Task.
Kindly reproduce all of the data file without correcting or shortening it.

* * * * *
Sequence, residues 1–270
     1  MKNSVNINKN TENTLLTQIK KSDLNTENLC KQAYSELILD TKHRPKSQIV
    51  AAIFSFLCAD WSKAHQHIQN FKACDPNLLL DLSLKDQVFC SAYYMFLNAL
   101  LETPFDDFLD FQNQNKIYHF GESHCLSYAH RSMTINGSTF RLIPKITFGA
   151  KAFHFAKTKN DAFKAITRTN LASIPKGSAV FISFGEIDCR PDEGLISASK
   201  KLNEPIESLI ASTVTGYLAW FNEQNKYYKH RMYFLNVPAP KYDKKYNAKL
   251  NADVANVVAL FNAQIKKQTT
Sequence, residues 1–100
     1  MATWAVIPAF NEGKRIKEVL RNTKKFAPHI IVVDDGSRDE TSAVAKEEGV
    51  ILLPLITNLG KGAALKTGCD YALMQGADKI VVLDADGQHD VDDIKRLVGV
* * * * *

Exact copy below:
Sequence, residues 1–270
     1  MKNSVNINKN TENTLLTQIK KSDLNTENLC KQAYSELILD TKHRPKSQIV
    51  AAIFSFLCAD WSKAHQHIQN FKACDPNLLL DLSLKDQVFC SAYYMFLNAL
   101  LETPFDDFLD FQNQNKIYHF GESHCLSYAH RSMTINGSTF RLIPKITFGA
   151  KAFHFAKTKN DAFKAITRTN LASIPKGSAV FISFGEIDCR PDEGLISASK
   201  KLNEPIESLI ASTVTGYLAW FNEQNKYYKH RMYFLNVPAP KYDKKYNAKL
   251  NADVANVVAL FNAQIKKQTT
Sequence, residues 1–100
     1  MATWAVIPAF NEGKRIKEVL RNTKKFAPHI IVVDDGSRDE TSAVAKEEGV
    51  ILLPLITNLG KGAALKTGCD YALMQGADKI VVLDADGQHD VDDIKRLVGV